Four Missteps That Led to a Financial Apocalypse

Ryan Ong



It’s seldom the big mistakes that get you. I mean, you’d probably stop and think hard when presented with a question like “Do you want to trade your kidney for an iPad?” (unless you’re this guy). No, it’s the little slip-ups that get you. Saying “yes” to a small, harmless offer, or forgetting one little detail. Stuff like these four little things:


1. Drive Someone Else’s Uninsured Car

Have you ever seen medieval torture devices in museums? Iron maidens? The rack? Doris Day records? That’s the level of pain the police reserve, for people who drive drunk or uninsured.

Carrie (not her real name) is the lucky lady who did just that. She lives one floor below me. And back in ’09, she did a five minute favour that almost ended in jail time.

I remember you all wanted me to buy Polar cake,” Carrie reminds me, “So D. told me to take his car and drive to the NTUC.

As I was turning into the petrol station, these two big guys darted past the front of the car. The bumper cut a gash across one of the guy’s legs. He was bleeding quite badly, and he couldn’t walk. And you remember there was police, ambulance, and he needed stitches, all that hoo-ha.

I thought that was bad enough. I didn’t know D.’s car was uninsured; his car insurance lapsed two months before and he can claim he didn’t even realise.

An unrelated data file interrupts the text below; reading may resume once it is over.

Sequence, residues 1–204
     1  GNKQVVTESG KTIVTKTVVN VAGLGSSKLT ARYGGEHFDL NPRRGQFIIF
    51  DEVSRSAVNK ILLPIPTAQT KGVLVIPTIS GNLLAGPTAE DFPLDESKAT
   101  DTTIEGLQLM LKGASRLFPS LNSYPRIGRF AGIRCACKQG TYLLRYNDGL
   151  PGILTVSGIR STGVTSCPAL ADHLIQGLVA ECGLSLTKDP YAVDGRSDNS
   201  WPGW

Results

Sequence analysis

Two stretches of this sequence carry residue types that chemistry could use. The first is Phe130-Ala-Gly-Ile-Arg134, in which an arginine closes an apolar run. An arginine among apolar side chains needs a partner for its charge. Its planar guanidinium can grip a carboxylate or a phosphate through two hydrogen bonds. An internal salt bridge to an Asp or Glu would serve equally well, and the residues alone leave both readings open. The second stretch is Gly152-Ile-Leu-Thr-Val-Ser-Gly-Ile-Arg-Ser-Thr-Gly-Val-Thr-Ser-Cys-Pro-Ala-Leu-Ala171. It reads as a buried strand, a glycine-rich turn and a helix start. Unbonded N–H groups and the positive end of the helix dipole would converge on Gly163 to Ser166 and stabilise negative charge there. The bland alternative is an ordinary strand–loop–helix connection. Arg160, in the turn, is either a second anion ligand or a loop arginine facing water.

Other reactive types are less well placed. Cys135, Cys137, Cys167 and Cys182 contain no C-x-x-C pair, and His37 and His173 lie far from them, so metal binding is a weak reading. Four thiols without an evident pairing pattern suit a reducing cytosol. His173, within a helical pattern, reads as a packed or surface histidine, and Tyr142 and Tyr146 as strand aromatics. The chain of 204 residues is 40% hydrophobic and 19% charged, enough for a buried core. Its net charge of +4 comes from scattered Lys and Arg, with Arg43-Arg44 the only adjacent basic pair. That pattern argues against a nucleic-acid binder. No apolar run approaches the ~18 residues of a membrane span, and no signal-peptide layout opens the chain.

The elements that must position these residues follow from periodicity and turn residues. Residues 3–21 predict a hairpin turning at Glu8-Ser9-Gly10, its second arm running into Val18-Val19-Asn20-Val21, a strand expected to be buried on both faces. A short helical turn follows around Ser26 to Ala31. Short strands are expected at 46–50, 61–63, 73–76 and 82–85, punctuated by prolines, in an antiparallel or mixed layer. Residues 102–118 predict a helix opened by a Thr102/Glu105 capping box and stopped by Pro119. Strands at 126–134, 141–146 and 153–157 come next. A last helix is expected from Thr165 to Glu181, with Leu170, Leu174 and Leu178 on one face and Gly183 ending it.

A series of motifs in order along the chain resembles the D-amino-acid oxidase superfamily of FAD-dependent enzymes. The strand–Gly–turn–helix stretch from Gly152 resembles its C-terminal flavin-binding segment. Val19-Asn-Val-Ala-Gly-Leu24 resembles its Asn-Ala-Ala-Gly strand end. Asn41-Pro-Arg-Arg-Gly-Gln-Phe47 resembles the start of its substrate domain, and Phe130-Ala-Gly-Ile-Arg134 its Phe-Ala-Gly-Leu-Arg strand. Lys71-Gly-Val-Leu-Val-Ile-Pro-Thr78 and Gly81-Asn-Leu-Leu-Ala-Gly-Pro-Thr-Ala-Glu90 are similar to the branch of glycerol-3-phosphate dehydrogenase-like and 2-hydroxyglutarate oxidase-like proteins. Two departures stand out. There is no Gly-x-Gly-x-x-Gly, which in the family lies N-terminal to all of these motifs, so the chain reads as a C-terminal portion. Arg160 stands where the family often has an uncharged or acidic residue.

So I got a letter saying I was driving a car without an insurance, it was an offence, and all that jazz.”

Carrie was hit with a $1,000 fine, and her license was suspended for a year. Too bad her job was selling insurance (whatever ironic joke you can think up, we’ve heard it). She thinks that a year without driving:

…made it hard to meet clients. My case count went down, so that impacts my income. And I had to re-take my driving test and all.”

The lesson here is simple. Try to avoid driving somebody else’s car. Even if it’s a five minute jaunt to the convenience store.


2. Take Someone’s Word That ‘You’re All Paid Up’…Verbally


“The checkout guy didn’t call out the price, so I took the beer and ran. Also, there’s a court order that came with those.” – MoneySmart pantry restock, 2013


I’m usually sharp with my money, but things were different when I was a student.

I like to think (based on my current body shape) that mass is proportional to stored wisdom. So let’s just say I wasn’t as wise back then.

I did two degree courses at once (one in university, one in a private institute), because in those days, we were taught that a “social life” was something on par with unicorns and a fairy godmother.

As it turns out, the private institute had the organizational level of a rave club, were that rave club also on fire, and staffed entirely by meth addicts.

At some point past the Diploma level, said institute stopped sending me bills. I made one inquiry, and was told that I’d finished paying all the fees.

Which is kind of funny, because my books said I was short by around $14,000.

I kept quiet, which was admittedly dishonest. Look, when you’re a student, $14,000 is an assload of money. And no one said anything, until weeks before the final exam.

Then I got a phone call, demanding that I pay exactly $13,980 within the week. Arguments ensued, as I pointed out that they had (verbally) told me I was done with fees. Long story short, we came to an agreement…a painful one on both sides.

I didn’t pay the money, but walked away with just a Diploma. The whole extra year I’d spent prepping for the final exam was wasted. The lesson here is simple:

When someone stops sending you the bill, don’t quietly ignore their mistake. As tempting as it is. And if someone says you’re all paid up, when you suspect you aren’t, get it in writing from them.